Start your morning off with… variety
It’s hard to think of anything easier than pouring cold cereal into a bowl and adding milk. But consumers don’t just want easy, they also want healthy. “Making nutritious choices, like eating 100% whole grain foods, fibre and calcium, has become increasingly important to consumers,” explains Kathryn Matheson, vice-president of marketing for Quaker, PepsiCo Canada. And for consumers who prefer hot cereal, Quaker has upped the convenience quotient with the introduction of Quaker 100% Whole Grain Oatmeal packets that are ready to eat in one minute.
Whole grain is also a key ingredient in cereals from General Mills Canada, says Dale Storey, vice-president of marketing. So, with convenience and health already covered, General Mills launched a new flavour, Banana Nut, to its Cheerios line. “Consumers typically have about eight boxes of cereal in their pantry. We try to bring out new variety and innovation in cereal every couple of years,” says Storey.
For ultimate on-the-go convenience, however, shoppers can always grab a cereal or granola bar, a category now worth $104 million in Canada, says McMullan at Nature’s Path. The latest bar offerings feature whole grains, fibre and functional ingredients such as calcium, omega-3s and antioxidants. Ingredients such as maple, chocolate, peanut butter and fruit ensure they taste good, too.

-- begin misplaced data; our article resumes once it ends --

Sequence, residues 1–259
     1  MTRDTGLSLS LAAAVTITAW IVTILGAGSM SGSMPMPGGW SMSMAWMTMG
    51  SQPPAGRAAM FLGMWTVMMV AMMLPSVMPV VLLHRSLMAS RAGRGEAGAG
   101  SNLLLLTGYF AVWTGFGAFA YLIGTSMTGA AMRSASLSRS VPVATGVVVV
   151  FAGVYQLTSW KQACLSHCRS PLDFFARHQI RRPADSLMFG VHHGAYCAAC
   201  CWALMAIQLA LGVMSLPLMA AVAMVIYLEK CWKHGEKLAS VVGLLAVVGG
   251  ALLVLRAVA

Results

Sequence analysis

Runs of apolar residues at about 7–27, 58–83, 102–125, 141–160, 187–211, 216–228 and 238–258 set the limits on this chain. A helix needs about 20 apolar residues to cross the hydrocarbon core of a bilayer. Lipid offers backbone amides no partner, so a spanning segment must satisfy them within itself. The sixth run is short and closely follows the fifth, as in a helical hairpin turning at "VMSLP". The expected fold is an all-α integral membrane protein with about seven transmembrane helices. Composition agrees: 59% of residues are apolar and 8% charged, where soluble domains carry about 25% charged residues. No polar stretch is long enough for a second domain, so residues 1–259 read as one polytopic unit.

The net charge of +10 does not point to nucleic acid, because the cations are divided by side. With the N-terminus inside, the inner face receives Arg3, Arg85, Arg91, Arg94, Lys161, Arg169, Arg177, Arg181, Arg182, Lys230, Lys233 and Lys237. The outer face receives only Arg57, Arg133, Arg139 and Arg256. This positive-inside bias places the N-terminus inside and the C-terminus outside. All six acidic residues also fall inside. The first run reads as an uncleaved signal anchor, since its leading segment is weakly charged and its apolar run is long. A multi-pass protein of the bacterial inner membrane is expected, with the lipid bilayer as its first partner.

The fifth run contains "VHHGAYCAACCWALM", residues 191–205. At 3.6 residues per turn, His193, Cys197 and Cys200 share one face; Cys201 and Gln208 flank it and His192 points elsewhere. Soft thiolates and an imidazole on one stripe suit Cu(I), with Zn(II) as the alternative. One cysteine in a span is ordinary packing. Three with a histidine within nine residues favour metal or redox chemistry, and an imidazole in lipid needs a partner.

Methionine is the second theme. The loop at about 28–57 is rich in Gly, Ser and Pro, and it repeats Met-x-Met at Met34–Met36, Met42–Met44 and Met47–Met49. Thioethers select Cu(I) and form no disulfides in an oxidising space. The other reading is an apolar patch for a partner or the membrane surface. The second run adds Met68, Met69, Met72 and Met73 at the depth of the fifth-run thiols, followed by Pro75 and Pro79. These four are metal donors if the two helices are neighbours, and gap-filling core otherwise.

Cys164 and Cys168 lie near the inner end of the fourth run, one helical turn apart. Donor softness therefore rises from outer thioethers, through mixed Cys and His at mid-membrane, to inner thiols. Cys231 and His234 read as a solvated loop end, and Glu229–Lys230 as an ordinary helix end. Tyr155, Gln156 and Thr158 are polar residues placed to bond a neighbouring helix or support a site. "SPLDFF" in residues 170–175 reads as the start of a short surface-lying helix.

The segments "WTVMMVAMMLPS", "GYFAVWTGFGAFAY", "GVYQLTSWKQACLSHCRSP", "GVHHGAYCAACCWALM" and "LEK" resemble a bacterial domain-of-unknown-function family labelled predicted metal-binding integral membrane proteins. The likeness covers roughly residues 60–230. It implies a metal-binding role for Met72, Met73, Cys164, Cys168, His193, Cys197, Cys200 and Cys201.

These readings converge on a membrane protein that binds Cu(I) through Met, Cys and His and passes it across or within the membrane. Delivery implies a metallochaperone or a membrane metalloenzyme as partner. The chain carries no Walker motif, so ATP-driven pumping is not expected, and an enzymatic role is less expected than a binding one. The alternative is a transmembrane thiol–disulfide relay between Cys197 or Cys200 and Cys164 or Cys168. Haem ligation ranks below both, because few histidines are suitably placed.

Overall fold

Orange juice traditionally rounds out any breakfast, and versions with added calcium, omega-3 and prebiotics have been out for awhile. One of the latest new products under A. Lassonde’s Oasis Health Break line is an orange juice fortified with a natural ingredient called Wellmune, which is good for the immune system. The timing couldn’t have been better. Last winter’s H1N1 scare got more Canadians thinking about their immunity to disease, says Caroline Croteau, brand manager at Lassonde. The company has also added a line of single-serve fruit smoothies suitable for on-the-go health-conscious consumers.
With so many convenient, healthy and tasty options available for breakfast, hopefully there will be fewer excuses for skipping the morning meal. And that should make grocers feel good, too.
4 Merchandising Tips
1. Since breakfast tends to include a variety of different foods, cross-merchandise complementary products together, such as peanut butter and jam, granola and fruit, and bacon and eggs.
2. Use flyers, in-store signage and websites to remind shoppers about the health benefits of eating breakfast.
3. Inspire consumers to taste and experience new breakfast products through in-store demos, take-home recipes and coupons.
4. Encourage multiple purchases by displaying different flavours that appeal to different household members. For instance, mom and dad may like one kind of oatmeal and the kids may prefer another.